'You've given them everything': Six-year-old girl donates pet tortoise to care home
PUBLISHED: 15:32 12 August 2019 | UPDATED: 15:54 12 August 2019
Copyright: Archant 2019
A kind-hearted six-year-old girl has given her pet tortoise to a Norfolk care home in a shell-fless act.
Daisy Dunsmuir, six, and her family from Magdalen, near King's Lynn, decided to donate her pet tortoise, Petal, to the High Haven care home in Downham Market after residents appealed for one.
Daisy, her brother Leon and her mum Rebecca Dunsmuir gave the two-year-old female tortoise to the care home on Thursday, July 25. The family got their first tortoise three years ago and now have three- Barbara, Thomas and Clover.
Mrs Dunsmuir said: "After reading the story online we just felt it was the right thing to do, we like helping people.
"To do something that will help contribute to people's well being is good and they're lovely pets to have."
Speaking about the residents, Mrs Dunsmuir said: "They're not valued and everyone has a story to tell. It just felt so natural to give Petal to them.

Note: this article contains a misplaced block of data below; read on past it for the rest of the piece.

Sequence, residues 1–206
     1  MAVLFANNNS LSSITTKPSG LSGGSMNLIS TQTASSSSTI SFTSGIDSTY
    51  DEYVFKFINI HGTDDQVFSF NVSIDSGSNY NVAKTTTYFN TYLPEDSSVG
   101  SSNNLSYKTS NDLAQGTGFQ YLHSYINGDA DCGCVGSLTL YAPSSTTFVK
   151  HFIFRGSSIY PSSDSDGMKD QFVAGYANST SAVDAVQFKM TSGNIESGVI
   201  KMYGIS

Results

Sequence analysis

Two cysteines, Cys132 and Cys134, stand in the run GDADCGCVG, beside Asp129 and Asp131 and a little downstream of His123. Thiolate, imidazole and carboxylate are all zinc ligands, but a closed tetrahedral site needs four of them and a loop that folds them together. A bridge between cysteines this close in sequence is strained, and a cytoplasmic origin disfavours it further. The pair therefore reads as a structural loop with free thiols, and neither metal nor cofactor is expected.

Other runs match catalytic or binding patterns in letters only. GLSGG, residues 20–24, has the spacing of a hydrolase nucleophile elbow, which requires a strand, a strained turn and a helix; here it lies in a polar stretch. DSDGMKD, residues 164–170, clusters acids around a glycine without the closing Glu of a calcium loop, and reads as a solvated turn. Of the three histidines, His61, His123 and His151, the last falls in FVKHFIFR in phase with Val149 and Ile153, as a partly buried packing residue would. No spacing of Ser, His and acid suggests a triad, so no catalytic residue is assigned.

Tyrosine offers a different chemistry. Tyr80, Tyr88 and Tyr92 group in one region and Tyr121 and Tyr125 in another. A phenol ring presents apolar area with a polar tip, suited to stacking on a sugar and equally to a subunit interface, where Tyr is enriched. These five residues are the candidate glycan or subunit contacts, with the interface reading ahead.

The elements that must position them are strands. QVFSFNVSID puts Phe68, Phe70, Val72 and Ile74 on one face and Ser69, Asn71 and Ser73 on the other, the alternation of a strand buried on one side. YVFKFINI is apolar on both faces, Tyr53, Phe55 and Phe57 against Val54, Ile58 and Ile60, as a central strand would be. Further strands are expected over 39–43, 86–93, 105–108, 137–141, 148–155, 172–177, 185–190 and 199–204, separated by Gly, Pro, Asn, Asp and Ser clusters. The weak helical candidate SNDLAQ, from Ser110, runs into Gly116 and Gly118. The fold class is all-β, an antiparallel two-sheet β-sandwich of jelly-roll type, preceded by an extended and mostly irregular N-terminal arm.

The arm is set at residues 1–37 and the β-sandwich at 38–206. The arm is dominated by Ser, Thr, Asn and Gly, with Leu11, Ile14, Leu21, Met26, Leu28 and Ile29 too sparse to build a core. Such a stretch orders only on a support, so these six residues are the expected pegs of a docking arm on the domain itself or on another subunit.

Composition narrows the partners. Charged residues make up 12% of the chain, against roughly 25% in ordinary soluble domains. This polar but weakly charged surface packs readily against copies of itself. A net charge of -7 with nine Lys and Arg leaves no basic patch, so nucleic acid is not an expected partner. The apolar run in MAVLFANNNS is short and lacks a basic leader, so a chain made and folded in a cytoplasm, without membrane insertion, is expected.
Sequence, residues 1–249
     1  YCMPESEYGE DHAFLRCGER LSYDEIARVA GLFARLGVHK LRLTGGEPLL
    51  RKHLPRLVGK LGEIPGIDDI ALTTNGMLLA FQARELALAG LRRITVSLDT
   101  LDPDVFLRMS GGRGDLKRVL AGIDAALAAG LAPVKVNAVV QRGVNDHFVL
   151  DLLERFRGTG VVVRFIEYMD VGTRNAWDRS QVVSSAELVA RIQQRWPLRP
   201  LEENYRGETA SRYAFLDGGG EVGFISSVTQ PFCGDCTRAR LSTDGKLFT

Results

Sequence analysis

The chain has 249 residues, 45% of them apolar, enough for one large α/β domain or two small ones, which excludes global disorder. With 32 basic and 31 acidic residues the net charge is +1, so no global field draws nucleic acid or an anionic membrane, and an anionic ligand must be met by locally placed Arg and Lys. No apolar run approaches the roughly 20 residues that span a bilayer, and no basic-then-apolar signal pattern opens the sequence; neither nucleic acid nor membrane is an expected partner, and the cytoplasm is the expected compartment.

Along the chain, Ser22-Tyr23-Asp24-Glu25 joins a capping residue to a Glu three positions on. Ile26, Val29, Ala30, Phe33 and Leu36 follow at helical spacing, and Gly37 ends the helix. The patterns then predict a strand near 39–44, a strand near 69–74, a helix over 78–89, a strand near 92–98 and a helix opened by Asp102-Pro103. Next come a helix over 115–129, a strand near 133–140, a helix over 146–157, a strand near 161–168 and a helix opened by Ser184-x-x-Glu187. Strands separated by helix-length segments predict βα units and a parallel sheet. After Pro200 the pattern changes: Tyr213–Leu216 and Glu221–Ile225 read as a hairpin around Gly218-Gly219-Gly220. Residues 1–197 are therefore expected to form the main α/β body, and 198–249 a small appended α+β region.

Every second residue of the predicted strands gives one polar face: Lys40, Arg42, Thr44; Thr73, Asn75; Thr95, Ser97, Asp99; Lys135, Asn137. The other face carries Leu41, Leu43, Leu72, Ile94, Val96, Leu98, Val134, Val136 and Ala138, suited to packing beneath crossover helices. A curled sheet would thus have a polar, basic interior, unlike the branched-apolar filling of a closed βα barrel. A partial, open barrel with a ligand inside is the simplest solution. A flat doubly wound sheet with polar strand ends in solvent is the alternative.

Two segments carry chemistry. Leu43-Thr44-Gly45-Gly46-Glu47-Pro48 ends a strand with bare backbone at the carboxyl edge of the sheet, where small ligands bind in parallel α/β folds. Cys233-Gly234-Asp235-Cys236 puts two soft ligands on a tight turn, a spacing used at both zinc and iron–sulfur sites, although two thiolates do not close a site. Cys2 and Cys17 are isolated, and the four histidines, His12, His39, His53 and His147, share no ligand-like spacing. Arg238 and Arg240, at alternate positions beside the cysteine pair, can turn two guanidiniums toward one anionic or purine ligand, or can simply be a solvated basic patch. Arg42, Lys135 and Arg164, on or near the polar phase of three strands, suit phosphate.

"Daisy will want to visit and make sure she's settled."
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The six-year-old who attends Magdalen Village school, agreed giving Petal away was a good idea, she said: "It will make people happy."
The care home appealed to members of the public to help them get a tortoise on Tuesday, July 16 and were overwhelmed when the Dunsmuirs got back to them the next day.
Allison Bullard, activities co-ordinator at the care home, said: "The residents could not believe it when we told them, so many will benefit from her."
Speaking to the family, Miss Bullard who became emotional, said: "You've given them everything."
Surprised by the news that Petal will be staying at the care home, resident Joyce Marshall said: "I can see her when I want?
"I like animals, I used to have a tortoise called Toby, I've been calling this one Toby as well. They're nice to pet."
Residents are turtely in love with the new pet, who has made her home in the corner of the dining room.
Miss Bullard said: "She's been made quite a fuss of. They've made it a bit of a routine of coming down in the morning and checking on her, they ask her how she is doing and then go have their breakfast.
"She even manages to come sit in some of our groups and classes, she's really become a big part of the home."